On a date

  • Acquaintance and date rape occurs more frequently on college campuses than does rape by strangers. A recent survey found that 25% of all female college students surveyed were victims of rape or attempted rape, and that 84% of those raped knew their attackers. In another survey, more than 30% of the male college students admitted to using force of emotional pressure to obtain sex.
  • Dates must communicate clearly with each other. Explicit consent should be obtained/granted before sexual activity begins. If an acquaintance or date initiates sexual activity, clearly indicate whether or not you wish this activity to continue. Give or deny consent.

A friendly stranger

  • Many attacks start with casual conversation. The attacker is sizing up the situation to see how easily intimidation can be applied. If you are polite and friendly, the attacker may proceed to intimidate you.
  • Although most people would recognize something strange about an encounter long before intimidation would begin, many ignore their intuition because they don't want to be unfriendly or suspicious.
  • Trust your instincts! if your gut reaction to a person makes you uneasy, get out of the situation as quickly as possible, even if it means being rude.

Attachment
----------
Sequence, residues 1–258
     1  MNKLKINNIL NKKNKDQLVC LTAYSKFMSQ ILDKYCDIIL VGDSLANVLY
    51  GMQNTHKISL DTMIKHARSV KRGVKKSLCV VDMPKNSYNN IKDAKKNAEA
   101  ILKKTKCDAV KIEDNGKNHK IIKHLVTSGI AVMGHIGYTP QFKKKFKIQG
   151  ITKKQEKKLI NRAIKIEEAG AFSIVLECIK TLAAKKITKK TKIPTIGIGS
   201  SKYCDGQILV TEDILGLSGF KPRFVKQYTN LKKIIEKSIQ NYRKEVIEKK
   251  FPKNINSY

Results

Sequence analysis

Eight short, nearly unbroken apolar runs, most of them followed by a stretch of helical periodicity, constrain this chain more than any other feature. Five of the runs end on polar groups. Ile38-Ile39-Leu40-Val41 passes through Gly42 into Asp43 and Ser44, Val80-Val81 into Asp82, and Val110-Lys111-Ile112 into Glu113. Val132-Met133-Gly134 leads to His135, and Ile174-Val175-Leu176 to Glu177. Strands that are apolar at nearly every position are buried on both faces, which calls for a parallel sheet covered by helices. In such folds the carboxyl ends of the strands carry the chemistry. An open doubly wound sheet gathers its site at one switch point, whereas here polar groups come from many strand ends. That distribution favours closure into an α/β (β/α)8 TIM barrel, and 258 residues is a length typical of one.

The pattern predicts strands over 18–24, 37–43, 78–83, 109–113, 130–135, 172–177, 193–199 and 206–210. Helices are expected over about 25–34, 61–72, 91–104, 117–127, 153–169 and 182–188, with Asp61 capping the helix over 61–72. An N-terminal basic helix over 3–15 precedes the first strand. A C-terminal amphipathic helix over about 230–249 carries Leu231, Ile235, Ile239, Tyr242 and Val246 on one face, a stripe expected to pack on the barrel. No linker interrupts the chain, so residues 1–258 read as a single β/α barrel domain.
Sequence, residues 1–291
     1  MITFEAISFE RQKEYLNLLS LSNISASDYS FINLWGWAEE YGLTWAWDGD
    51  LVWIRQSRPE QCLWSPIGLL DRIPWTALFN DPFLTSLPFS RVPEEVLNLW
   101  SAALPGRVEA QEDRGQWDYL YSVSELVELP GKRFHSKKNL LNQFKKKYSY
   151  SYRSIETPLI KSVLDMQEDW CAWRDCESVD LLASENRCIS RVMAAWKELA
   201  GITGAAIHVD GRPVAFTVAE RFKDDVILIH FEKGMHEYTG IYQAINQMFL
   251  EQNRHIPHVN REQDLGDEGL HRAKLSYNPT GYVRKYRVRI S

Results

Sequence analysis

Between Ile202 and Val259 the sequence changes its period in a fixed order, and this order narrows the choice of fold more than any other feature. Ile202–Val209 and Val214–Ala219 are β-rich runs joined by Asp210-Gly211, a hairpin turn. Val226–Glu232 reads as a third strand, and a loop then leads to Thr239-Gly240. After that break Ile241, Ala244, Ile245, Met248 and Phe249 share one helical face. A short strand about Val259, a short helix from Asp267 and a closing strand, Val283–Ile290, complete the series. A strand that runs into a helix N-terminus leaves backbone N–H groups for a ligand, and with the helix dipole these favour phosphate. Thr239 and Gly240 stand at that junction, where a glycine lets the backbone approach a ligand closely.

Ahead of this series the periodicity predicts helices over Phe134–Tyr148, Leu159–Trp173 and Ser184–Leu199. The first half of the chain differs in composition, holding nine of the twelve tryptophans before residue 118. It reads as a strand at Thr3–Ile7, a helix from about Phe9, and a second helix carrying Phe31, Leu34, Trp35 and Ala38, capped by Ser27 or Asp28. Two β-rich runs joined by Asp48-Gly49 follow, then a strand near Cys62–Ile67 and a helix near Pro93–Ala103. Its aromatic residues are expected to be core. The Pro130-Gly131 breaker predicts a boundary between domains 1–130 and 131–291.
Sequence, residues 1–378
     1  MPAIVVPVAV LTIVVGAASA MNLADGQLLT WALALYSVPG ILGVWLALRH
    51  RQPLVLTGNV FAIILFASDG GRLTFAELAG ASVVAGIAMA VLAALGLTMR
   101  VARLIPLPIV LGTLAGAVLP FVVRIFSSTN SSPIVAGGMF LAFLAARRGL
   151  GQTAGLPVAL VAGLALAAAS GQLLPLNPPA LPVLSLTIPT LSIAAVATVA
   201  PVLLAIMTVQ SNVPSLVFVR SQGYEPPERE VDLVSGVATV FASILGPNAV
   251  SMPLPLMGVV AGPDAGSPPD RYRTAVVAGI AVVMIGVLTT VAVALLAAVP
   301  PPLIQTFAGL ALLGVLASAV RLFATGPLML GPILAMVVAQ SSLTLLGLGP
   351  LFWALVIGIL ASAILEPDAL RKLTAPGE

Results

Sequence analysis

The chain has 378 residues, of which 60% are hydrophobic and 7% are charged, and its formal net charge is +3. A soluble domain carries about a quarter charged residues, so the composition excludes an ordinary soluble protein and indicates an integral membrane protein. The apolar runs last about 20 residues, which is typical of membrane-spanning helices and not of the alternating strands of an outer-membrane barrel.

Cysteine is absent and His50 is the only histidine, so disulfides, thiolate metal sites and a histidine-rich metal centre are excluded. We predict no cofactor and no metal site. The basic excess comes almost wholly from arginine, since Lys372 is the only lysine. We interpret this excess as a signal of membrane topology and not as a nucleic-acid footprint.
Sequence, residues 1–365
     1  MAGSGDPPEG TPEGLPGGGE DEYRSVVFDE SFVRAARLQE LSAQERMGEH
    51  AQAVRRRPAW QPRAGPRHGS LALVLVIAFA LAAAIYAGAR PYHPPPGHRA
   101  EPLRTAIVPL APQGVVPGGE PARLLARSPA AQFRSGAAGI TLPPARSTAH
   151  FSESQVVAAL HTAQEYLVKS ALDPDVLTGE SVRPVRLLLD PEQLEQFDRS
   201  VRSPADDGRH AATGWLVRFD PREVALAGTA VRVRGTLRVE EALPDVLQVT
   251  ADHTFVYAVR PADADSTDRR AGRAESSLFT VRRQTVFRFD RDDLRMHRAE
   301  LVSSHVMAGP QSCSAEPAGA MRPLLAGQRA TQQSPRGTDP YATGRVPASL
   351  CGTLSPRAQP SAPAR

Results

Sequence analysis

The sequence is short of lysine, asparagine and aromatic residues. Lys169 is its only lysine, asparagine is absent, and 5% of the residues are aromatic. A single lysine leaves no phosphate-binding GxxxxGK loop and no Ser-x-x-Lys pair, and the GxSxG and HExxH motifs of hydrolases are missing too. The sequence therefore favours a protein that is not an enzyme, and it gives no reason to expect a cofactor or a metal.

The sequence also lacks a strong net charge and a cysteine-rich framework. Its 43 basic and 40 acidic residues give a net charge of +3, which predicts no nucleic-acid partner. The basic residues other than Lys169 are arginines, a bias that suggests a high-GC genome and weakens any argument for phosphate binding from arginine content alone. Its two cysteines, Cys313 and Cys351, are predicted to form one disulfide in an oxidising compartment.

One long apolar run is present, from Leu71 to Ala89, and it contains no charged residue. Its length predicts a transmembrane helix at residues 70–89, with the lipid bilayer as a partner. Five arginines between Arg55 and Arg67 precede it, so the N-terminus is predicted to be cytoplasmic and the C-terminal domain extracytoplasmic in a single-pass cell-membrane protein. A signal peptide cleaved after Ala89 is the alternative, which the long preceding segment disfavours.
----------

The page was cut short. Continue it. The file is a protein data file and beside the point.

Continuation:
At work

  • Keep your purse or wallet close to you.
  • You are most vulnerable before or after hours.
  • Avoid using elevators with strangers. If someone enters and you feel uncomfortable - get off!
  • Stand next to the button panel. If attacked, press all of the floor buttons. This will allow the elevator to open at all floors allowing you to escape.
  • Leave personal belongings at home.
  • Record all equipment serial numbers
  • If staying late, relocate your car closer to the building while coworkers are still present.
  • Keep your office door locked during non-business hours

In the car

  • Walk to your car with your keys ready.
  • Park in well-lighted areas at night. Consider paying for parking.
  • Check beneath the car and in the back seat before you get in to make sure that no one is hiding there.
  • While driving, keep the doors locked at all times so that a person can't jump in at a red light.
  • Keep enough gas for emergencies.
  • Note the location of telephones so you are familiar with them.
  • If you are followed by another car, drive to a police or fire station, hospital emergency entrance, or any open business or gas station. Do not go home or to a friend's house. If necessary, call attention to yourself. If your car breaks down far away from help, stay in your car with the doors locked and the drivers side window open 1/2 inch. Ask people who stop to call the local police, your automobile club, or a friend or family member. Do not ride with strangers.
  • Police officers and tow truck drivers carry identification. Do not unlock your car door or exit your vehicle until they show you their identification through the window.
  • Don't keep mail or other items with your name on it in the car.
  • When using a walk up ATM machine, drive around the building first to make sure no one is hiding nearby.
  • Be aware of bus stops. Car-jackings and smash and grabs often occur there.
  • If your car breaks down on campus or you lock your keys inside your car, call the Campus Police for motorist assistance.
  • Leave a distance between your car and the car in front of you. Use this space if you need an escape route.